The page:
The presentation also states that on November 25, the eve of the attack, a request went out from a certain Kharak Singh to the telephone company to activate 5 Austrian DID lines for the VOIP account in the name of Mohammed Ashfaq from Pakistan

In an internal PowerPoint presentation, of which The Hindu has obtained a copy, the Italian police and its top anti-terrorist unit, the DIGOS (Divisione Investigazioni Generali e Operazioni Speciali Antiterrorismo, spell out exactly how Pakistani operatives, using a series of false identities, activated a U.S.-based Voice-over-Internet Protocol (VOIP) which was used by handlers in Pakistan to give orders to Pakistani terrorists during the Mumbai attacks that began on November 26 last year.

The Italian investigations, which began in December 2008, culminated in the arrest of a father-and-son duo in the northern Italian city of Brescia on Saturday on charges of aiding and abetting terrorists, illegal money transfers and the smuggling of people. The presentation also states that on November 25, the eve of the attack, a request went out from a certain Kharak Singh to the telephone company to activate 5 Austrian DID lines for the VOIP account in the name of Mohammed Ashfaq from Pakistan. The request bore the number 88647675.

Slide No 6 of the presentation states that: “On November 25, 2008 [underlined] from Brescia, a person of Pakistani origin used Western Union to make a second payment for the VOIP account again using the phantom name of Kharak Singh. This payment was communicated to the Callphonex user by the so-called Kharak Singh via email and gave details about the person making the payment. This email, obtained by the FBI from Callphonex, confirms the payment and identifies the sender as Javaid Iqbal, born on 31 December 1962, and whose address is given as No. 125 Via Milano in Brescia.”

The presentation made by the Italain police and anti-terrorism unit and obtained by The Hindu further states:

“Investigations carried by DIGOS of Brescia in coordination with the Public Prosecutor’s office revealed that:

•Iqbal Javaid (sic) had never transited through Italian territory and that he was residing legally in the Barcelona region of Spain;

•The persons running the Western Union agency via Madina Trading in Brescia had used Iqbal Javaid’s identity and details and those of other subjects, without their knowledge, to carry out money transfer operations with the specific intention of hiding the identity of the real senders of the money because they could not or did not wish to be identified.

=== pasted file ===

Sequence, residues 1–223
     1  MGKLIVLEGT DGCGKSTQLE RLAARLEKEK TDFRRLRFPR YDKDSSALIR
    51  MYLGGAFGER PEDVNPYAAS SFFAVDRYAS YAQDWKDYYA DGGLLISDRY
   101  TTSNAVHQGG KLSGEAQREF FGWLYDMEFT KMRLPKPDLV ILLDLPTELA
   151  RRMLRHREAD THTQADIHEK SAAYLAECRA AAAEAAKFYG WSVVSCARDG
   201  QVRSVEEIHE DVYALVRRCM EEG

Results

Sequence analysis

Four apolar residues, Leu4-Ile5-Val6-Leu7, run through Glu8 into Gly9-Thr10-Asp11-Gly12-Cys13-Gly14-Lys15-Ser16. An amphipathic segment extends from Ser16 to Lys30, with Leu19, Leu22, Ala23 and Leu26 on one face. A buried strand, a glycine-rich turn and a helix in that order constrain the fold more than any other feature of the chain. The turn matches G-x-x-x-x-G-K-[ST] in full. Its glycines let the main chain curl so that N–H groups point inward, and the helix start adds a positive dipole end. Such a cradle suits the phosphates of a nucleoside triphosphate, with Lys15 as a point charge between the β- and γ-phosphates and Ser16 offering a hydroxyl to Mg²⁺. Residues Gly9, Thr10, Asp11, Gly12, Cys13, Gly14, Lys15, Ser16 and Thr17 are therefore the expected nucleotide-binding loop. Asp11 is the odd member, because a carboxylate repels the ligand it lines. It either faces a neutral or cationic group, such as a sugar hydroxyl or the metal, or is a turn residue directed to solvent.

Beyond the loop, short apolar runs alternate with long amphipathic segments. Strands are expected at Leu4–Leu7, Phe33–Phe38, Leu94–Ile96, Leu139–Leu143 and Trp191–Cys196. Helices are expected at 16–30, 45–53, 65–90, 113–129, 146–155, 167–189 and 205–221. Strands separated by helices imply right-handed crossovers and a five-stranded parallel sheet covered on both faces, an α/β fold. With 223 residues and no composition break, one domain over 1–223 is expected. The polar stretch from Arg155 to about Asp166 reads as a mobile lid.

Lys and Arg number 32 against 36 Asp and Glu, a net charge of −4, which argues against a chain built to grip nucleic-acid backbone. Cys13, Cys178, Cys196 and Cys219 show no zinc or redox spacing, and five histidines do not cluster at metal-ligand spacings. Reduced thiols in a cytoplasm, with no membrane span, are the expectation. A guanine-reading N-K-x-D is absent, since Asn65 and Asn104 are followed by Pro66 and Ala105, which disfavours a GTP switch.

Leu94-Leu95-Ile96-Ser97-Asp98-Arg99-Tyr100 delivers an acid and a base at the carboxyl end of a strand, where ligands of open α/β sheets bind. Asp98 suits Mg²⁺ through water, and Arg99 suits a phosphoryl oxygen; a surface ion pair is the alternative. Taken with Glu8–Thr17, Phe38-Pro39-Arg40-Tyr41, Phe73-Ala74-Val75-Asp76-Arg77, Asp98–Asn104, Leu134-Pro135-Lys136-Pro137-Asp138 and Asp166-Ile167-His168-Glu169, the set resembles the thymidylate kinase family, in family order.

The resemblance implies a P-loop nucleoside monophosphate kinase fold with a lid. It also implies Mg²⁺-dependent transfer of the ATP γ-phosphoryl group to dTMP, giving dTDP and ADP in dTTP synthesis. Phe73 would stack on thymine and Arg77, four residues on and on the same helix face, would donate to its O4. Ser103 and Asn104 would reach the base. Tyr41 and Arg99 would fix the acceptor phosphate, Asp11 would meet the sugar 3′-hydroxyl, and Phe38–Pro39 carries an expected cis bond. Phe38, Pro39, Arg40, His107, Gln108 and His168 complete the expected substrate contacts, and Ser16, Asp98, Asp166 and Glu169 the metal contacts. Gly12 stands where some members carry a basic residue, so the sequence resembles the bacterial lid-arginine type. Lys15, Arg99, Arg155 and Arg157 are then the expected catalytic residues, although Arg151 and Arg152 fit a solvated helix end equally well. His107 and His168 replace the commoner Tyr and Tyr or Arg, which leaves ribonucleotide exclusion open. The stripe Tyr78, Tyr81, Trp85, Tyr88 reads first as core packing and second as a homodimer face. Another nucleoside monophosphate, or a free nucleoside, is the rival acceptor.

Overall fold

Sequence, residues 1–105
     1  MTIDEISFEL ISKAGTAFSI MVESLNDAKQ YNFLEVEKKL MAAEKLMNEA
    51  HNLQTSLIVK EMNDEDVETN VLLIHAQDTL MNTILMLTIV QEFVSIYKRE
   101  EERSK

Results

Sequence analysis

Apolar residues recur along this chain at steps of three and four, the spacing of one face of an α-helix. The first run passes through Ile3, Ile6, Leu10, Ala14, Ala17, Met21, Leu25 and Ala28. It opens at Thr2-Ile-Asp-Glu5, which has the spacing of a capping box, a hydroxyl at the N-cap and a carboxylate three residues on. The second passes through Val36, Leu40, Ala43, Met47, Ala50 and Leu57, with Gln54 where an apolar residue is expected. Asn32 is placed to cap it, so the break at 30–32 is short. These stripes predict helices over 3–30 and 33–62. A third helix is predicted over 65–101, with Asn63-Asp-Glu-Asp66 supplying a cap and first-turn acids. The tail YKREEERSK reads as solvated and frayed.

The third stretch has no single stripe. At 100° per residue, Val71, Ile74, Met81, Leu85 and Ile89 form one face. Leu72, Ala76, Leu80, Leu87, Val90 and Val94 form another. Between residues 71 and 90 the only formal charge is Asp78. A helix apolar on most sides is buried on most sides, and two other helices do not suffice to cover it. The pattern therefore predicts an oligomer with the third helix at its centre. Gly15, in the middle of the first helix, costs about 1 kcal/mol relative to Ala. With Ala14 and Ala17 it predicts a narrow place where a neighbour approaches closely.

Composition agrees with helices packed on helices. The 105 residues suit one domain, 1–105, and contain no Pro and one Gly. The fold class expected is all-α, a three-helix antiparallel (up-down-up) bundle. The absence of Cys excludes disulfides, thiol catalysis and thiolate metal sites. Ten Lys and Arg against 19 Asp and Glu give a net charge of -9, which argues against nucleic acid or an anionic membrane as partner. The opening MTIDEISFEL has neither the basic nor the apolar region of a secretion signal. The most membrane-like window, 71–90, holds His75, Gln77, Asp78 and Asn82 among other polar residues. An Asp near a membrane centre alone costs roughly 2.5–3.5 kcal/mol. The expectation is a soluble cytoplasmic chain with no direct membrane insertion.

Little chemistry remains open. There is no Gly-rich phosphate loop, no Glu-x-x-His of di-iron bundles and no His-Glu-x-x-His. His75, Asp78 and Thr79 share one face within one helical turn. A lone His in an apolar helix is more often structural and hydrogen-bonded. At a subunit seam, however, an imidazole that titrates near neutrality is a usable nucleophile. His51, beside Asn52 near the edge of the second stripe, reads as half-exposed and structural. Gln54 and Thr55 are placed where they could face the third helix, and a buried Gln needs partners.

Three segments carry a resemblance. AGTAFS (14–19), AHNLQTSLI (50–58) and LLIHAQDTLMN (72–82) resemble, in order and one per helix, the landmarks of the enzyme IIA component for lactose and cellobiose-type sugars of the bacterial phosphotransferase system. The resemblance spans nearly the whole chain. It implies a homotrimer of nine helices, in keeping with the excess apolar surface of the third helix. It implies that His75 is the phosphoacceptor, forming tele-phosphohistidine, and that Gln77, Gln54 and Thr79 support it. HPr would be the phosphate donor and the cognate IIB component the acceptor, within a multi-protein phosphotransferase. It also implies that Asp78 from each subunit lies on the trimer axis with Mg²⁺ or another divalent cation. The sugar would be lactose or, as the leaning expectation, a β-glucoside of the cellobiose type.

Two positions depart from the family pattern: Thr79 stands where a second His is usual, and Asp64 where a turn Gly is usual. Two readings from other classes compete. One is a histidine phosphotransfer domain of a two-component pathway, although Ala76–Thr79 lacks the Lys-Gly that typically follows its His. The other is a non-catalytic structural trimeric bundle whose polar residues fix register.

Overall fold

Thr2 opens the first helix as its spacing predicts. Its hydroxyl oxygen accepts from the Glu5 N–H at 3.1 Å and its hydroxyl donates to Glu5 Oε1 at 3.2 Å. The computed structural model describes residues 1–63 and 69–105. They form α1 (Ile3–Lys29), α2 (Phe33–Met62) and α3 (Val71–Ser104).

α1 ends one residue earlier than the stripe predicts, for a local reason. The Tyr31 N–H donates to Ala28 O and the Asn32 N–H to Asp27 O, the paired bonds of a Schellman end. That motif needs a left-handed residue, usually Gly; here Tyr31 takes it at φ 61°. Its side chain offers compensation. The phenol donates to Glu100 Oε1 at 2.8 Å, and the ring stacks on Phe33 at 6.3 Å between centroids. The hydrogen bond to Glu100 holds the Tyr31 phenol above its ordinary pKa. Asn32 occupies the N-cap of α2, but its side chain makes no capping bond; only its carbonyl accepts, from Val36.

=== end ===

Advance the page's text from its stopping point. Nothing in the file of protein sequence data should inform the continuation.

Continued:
•From 2006 to 2008 Madina Trading used the identity of Iqbal Javaid over 300 times to send money to various countries totalling over 400,000 Euros.”

When questioned, the Janujas unhesitatingly described Iqbal Javaid from Brescia as a regular customer who often sent cash out of the country, the report says. The order for the payment made on 25 November in fact came illegally using the havala/hundi method and was given by two individuals in Pakistan. Their details have been communicated to investigation agencies.

Madina Trading also defrauded telephone companies by using an alternative and illegal dialling system using a CD called Premium.

Slide three of the internal presentation made by the Italian police and their top anti-terrorism unit, the DIGOS, gives the following details:

“During the attacks of November 26 the terrorists used the U.S. based number 201-253-1824 to communicate amongst themselves. The number is the property of the Belgian company Voxbone and was leased to the American telecommunications company Callphonex which has its headquarters in New Jersey, USA. Even during the attack phase of their operation, the terrorists’ commander continued to receive instructions and information by telephone from his handlers using the number 201-253-1824 for all calls routed to India,” the power-point presentation states.

Slide no 4 of the presentation states: “This type of numbering in fact consists of the use of a ‘telephone exchange’ or ‘server’ which furnishes a VOIP service which acts as a telephone service provider via the internet. In this case the VOIP service was activated by a certain Kharak Singh through an initial transfer of money through ‘Moneygram’ in the name of Mohammed Ashfaq in Pakistan.”